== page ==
The Jet Age
“A First Time for Everything” is a short series about the fact that things that are now everyday events had to start somewhere. In this second instalment: The advent of the Jet Age.
The Jet Engine
Late in the 1950s, civil aviation stood on the eve of an unparalleled age. The advent of the jet engine allowed aircraft to increase in size and speed. Compared to the DC-7 and Super Constellation, the Boeing 707 and DC-8 were able to carry almost twice as many passengers, and twice the cargo while reducing travel time on the North Atlantic route by half.
Introducing the DC-8
Jet flight also created far-reaching changes in business operations. The new aircraft were extremely expensive. Also, the increased capacity—for passengers and cargo alike—required civil aviation to take a different commercial approach in order to fill seats and cargo space. KLM introduced the DC-8 on the Amsterdam-New York route in 1960.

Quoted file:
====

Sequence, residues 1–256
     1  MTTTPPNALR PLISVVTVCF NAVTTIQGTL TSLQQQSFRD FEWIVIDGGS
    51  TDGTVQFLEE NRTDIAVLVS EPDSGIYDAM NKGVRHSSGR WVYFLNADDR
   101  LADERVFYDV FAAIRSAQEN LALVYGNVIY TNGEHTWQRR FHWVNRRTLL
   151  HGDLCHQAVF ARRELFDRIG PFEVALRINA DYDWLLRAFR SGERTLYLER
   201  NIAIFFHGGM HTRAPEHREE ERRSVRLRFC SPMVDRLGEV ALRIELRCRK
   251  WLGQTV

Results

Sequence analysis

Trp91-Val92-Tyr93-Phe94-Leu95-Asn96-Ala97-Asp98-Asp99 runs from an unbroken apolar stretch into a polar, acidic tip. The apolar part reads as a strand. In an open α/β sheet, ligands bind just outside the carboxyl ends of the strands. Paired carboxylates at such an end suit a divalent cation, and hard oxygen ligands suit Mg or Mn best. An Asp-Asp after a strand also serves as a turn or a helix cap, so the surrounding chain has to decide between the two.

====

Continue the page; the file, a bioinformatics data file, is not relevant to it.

LA to London in Under 11 Hours
But, back to that first flight. The first DC-8 landed at Schiphol in 1959. On 4 September of that year, KLM staff watched wide-eyed as the super-modern aircraft arrived after its first trans-Atlantic flight. It completed the first leg of its trip from Los Angeles to London in ten hours and forty-five minutes. It took twenty hours for a DC-7 to make the same trip.
[tweet text=”Let’s Have Lunch in Madrid”]
On Friday 25 March, it was KLM’s turn. At 11.03 am, the PH-DCA “Albert Plesman” arrived at Schiphol. As some 1,500 KLM staff and management watched, the aircraft arrived on the apron. The aircraft carried a number of special guests including Donald W. Douglas, Jr. and his wife. Four days later, the aircraft made its first commercial flight to Madrid. The flight from Madrid to Schiphol took one hour and fifty minutes. It made the humorously blasé comment, “Let’s have lunch in Madrid” a real possibility.
In the next instalment: The first Dutch Passenger.
Photo credit: KLM/MAI